Many people believe that hydrogen will be the fuel of the future. However, when it comes to its large-scale, commercial transport and storage, there are still difficulties and safety restrictions to increasing the storage efficiency of liquefied hydrogen fuel.
Now, using multiphase-thermal flow simulations, researchers from South Korea have explored the heat flows and phase shifts within a cryogenic fuel tank experimentally and computationally to disclose important insights for their safe and effective design.
Growing worries about climate change have highlighted the necessity of switching from fossil fuels to alternate energy sources. The most promising of them for the transportation sector is hydrogen fuel. At the moment, hydrogen fuel is carried in specialized tanks as high-pressure gas. But this method is dangerous and ineffective, at the same time. Researchers are increasingly considering the usage of liquified hydrogen fuel to address this issue.
Only cryogenic tanks (cryotanks), which maintain temperatures below -2530C—boiling hydrogen’s point—can transport liquefied hydrogen fuel. The liquefied fuel in a cryotank endures some evaporation despite thermal insulation. “Boil-Off Gas (BOG)” is a unit used to measure the flow rate of vaporization. An excessive BOG might cause the tank to have too much internal pressure, which can cause cracks and fissures. This makes comprehending and managing BOG a crucial aspect of cryotank design.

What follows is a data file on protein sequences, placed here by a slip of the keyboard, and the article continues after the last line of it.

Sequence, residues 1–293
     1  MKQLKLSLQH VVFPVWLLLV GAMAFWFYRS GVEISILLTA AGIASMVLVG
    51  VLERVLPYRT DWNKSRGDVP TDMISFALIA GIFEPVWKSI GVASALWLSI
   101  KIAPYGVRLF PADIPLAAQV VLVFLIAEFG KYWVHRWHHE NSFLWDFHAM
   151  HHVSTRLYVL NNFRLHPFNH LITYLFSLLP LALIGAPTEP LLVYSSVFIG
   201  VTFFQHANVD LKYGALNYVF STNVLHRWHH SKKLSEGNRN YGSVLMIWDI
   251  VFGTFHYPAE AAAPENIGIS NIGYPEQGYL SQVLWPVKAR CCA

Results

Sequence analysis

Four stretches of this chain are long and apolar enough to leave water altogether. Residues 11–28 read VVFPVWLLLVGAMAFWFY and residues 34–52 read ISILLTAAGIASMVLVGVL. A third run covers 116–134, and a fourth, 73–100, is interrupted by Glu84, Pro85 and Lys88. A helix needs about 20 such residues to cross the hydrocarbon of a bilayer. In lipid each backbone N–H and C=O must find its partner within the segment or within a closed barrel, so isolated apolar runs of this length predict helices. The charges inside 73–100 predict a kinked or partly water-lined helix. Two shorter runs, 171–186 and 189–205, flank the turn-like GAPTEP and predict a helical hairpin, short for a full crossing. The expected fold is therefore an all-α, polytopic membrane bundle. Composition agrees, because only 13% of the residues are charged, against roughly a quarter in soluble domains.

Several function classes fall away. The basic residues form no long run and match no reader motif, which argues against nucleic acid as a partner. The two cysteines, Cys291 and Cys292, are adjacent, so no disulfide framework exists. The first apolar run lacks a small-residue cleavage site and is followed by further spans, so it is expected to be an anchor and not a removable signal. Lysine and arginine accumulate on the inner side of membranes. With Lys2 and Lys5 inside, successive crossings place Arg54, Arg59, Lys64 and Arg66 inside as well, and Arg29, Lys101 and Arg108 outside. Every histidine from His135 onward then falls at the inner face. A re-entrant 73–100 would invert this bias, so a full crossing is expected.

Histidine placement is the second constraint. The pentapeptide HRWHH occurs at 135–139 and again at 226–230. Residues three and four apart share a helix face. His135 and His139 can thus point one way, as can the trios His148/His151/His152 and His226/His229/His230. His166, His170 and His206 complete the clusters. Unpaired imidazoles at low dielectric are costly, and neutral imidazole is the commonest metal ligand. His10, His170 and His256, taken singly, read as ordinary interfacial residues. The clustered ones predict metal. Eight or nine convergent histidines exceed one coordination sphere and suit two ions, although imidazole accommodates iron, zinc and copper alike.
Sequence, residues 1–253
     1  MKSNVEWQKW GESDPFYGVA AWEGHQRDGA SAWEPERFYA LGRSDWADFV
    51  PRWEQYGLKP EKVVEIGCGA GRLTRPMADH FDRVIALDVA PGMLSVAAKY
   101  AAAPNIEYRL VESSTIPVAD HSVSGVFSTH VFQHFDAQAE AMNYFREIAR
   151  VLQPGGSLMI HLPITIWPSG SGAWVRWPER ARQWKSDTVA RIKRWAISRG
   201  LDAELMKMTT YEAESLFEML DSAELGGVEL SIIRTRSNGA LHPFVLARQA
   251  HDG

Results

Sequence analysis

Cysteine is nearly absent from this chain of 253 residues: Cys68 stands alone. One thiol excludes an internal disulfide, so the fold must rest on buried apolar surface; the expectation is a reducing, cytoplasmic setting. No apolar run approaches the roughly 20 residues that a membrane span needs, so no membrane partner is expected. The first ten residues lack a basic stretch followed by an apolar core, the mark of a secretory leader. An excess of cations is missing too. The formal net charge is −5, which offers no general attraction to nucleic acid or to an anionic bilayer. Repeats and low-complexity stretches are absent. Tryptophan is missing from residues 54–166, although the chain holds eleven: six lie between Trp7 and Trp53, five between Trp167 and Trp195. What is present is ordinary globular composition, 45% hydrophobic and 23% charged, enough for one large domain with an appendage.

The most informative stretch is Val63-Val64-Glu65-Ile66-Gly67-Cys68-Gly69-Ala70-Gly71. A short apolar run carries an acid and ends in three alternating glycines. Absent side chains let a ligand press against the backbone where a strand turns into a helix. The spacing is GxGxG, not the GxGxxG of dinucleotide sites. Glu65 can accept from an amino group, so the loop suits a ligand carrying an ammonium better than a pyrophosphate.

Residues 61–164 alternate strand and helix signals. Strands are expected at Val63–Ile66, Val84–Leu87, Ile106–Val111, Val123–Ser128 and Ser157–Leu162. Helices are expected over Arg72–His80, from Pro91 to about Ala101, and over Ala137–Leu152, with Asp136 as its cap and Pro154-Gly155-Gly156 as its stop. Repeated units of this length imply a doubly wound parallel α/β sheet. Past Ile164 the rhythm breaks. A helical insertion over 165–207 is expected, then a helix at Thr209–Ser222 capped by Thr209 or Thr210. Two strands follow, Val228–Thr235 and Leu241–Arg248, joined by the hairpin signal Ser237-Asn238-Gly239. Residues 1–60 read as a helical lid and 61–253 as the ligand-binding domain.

In order to achieve this, a research team under the direction of Professor Jong-Chun Park of Pusan National University in South Korea has looked into the relationship between BOG and another crucial design parameter known as the tank filling ratio (FR), which is the ratio of the mass of liquefied fuel in the tank to the tank’s capacity at 150C.
The results of the researchers’ trials revealed that BOG rises quadratically with FR. They also discovered that the temperature of the vapor phase declined non-linearly with FR, whilst the temperature of the liquid phase remained constant. Then, using computational fluid dynamics, the researchers simulated the tank’s multiphase-thermal flow. They were able to see the vaporization, thermal fluxes, and heat transfers inside the vacuum-insulated tank with ease as a result. Using data from experiments carried out in conjunction with Daewoo Shipbuilding & Marine Engineering Co., Ltd., the researchers validated their calculations (DSME).
The development of commercial cryotanks for liquid hydrogen could be sped up by using the multiphase-thermal modeling method employed here. This research is important for the implementation of a hydrogen-centered civilization since it has numerous uses, ranging from offshore powerplants to autos and airplanes.